We share tea and talk tea at assisted living homes, private homes and community centers. We play Teago Bingo with prizes for winners. We are also doing mystery tea events.
Spend time being refreshed by God's Word with a cup of tea. Relax in a comfy chair that gets some afternoon sun. Reflect on the goodness of life.
Real joy comes not from ease or riches or
from the praise of men, but from doing something worthwhile. Wilfred T. Grenfell
Enter His gates with thanksgiving and His courts with praise. Give thanks to Him, bless His name. Ps 100:4
"For I know the plans I have for you," declares the Lord, "plans to prosper you and not to harm you, plans to give you hope and a future." Jeremiah 29:11
Blessings to you and your family. Have a TEA- rrrific day.
Email me for a free sample of tea!
Traveling TEA With Jesus
Friday, December 31, 2010
I also am a consultant for Blessings Unlimited and love to share our products and more information about hosting a Gathering or becoming a consultant.
Blessings and Have a Happy New Year! Bring Tealightful Treasures tea and Blessings Unlimited products into your home this New Year!
Hardly a week goes by without news of yet another research study confirming the health benefits of tea. Here's a summary of the recent findings.
Drinking tea leads to fewer signs of aging.
Mice which were fed tea displayed fewer signs of ageing than mice that were fed water, with oolong tea showing significantly better results than green teaIf you are the type to fret over the appearance of wrinkles, age spots and other signs of growing old, oolong tea may be the answer to your worries. Details of the study, conducted jointly by scientists from America, Taiwan and Tokushima University in Japan, were given at the 17th International Congress of Nutrition in Vienna, Austria late last month. In the experiment, groups of six-month-old 'senescence-accelerated mice' (SAMs) were separately fed water, green tea and oolong tea over a 16-week period. SAMs age twice as quickly as ordinary laboratory mice. Checking hair loss, age spots, the condition of skin around the eyes and other indicators of ageing, the scientists found that male SAMs which were fed tea displayed fewer signs of ageing than mice that were fed water, with oolong tea showing significantly better results than green tea. The Straits Times, Sept. 24, 01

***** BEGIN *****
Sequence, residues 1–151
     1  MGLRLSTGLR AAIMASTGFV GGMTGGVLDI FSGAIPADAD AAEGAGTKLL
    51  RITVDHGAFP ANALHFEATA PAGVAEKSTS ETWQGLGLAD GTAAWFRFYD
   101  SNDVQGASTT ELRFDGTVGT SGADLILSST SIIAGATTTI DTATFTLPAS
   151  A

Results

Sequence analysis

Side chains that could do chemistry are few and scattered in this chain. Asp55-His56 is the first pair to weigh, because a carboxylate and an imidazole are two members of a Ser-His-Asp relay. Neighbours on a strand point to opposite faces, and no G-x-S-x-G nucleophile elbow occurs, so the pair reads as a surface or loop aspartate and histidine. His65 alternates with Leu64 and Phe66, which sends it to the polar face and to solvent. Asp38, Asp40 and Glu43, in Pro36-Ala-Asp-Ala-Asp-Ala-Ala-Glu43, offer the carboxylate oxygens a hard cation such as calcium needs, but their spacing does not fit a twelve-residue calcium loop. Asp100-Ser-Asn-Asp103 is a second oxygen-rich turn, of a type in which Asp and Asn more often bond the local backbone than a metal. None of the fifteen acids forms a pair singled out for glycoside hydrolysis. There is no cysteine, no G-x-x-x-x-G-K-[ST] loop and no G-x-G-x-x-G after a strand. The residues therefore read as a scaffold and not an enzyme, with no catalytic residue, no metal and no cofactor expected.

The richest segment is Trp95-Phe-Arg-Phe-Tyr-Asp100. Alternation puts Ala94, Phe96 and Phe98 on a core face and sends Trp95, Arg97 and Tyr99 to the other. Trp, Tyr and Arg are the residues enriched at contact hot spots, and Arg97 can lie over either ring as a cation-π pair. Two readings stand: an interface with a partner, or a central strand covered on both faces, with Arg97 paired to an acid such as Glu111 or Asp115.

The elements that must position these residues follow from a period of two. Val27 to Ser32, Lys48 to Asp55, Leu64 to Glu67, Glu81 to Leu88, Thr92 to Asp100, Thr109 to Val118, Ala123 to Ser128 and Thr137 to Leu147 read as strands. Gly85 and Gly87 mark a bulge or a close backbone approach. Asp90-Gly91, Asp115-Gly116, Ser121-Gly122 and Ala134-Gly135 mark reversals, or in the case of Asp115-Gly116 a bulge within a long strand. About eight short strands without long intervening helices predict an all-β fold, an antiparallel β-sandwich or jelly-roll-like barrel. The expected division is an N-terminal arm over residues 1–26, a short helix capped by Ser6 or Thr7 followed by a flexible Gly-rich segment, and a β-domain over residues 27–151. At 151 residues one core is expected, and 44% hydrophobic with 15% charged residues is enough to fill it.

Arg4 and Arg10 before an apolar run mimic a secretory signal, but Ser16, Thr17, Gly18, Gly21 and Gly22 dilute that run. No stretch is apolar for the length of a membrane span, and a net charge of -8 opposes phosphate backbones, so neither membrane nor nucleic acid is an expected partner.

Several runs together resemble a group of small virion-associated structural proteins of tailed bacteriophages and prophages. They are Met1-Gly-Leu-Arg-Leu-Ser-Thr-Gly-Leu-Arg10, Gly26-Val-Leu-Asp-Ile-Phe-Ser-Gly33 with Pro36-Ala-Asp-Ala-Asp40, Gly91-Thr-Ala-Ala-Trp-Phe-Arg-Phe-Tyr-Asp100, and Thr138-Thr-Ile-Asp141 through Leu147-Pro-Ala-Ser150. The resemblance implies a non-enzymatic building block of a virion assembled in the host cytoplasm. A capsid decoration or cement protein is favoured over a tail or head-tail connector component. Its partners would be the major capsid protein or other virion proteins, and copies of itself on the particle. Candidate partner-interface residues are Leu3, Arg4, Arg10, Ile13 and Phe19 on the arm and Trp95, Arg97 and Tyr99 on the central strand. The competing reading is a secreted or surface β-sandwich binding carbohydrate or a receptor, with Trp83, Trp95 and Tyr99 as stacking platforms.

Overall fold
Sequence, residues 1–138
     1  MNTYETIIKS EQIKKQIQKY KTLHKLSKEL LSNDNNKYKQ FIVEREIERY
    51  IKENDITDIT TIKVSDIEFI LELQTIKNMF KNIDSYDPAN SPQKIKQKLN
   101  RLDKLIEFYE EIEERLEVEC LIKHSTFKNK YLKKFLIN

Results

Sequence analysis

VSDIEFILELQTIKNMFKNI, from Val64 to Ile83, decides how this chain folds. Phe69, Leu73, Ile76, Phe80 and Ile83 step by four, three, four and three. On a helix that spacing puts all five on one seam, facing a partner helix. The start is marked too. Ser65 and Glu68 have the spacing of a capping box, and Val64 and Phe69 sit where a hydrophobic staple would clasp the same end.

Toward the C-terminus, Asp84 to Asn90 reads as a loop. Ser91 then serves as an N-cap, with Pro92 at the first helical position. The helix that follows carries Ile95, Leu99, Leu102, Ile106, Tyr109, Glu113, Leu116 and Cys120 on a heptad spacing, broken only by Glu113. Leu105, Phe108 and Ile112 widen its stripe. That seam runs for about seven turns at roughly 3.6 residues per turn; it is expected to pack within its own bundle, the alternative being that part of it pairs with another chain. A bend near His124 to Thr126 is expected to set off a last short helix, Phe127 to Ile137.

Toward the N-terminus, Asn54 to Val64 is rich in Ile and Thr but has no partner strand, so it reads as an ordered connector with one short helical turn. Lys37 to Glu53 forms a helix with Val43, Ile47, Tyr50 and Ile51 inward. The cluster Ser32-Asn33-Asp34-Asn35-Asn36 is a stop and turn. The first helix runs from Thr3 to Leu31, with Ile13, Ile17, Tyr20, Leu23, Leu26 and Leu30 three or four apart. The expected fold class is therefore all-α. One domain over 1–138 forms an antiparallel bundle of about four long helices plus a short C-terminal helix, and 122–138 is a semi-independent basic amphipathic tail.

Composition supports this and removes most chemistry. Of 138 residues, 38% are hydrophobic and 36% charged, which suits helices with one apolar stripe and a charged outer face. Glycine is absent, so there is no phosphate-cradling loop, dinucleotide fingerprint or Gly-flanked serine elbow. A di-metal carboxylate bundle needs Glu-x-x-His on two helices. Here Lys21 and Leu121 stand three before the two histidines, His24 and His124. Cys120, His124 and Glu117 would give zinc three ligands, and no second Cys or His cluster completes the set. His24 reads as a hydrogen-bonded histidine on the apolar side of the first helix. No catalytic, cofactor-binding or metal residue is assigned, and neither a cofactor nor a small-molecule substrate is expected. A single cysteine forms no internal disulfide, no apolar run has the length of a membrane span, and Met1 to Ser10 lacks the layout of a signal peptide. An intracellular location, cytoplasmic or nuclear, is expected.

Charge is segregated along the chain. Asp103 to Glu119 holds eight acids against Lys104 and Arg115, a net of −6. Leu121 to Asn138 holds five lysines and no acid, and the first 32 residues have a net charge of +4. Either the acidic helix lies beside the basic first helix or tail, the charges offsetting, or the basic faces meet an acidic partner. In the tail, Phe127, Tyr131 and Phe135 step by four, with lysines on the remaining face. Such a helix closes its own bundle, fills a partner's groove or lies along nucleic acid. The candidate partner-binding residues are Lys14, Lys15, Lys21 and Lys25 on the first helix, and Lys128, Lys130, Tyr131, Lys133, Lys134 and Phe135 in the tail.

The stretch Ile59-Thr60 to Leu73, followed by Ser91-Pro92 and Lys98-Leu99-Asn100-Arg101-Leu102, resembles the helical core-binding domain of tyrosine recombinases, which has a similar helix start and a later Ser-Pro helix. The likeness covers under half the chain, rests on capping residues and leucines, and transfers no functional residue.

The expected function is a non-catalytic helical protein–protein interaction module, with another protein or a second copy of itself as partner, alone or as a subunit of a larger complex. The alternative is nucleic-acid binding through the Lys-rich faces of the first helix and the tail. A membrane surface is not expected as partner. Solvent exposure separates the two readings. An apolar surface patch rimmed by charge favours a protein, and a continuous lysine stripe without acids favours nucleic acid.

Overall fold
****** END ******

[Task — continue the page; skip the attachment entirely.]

Tea: allergy fighter!
Green tea shows promise as an allergy fighter"The wonder cup just got even more wonderful. Green tea, rich in antioxidant treasures that protect against heart disease and cancer, now shows promise as an allergy fighter. In laboratory tests, Japanese researchers have found that the antioxidants in green tea, block the biochemical process involved in producing an allergic response. Green tea may be useful against a wide range of sneeze-starting allergens, including pollen, pet dander, and dust." Prevention, April 2003
Improve the memory and help prevent the disease.
Drinking Tea Might Delay Alzheimer's Disease3-4 cups of tea daily can improve the memory and help prevent Alzheimer's disease. The research team, based at Newcastle University's Medicinal Plant Research Center, investigated the properties of green and black tea, as well as coffee, in a series of laboratory experiments. The results showed that both types of tea inhibited the activity of enzymes associated with the development of Alzheimer's disease. Coffee, however, had no significant effect. In fact, drinking tea appears to affect the brain in a similar way as drugs prescribed for Alzheimer's disease the UK researchers report. According to scientists black and green brews fight enzymes that destroy chemical messengers in the brain. They said: "It's exciting as tea is popular and inexpensive without side effects." Phytotherapy Research, August 2004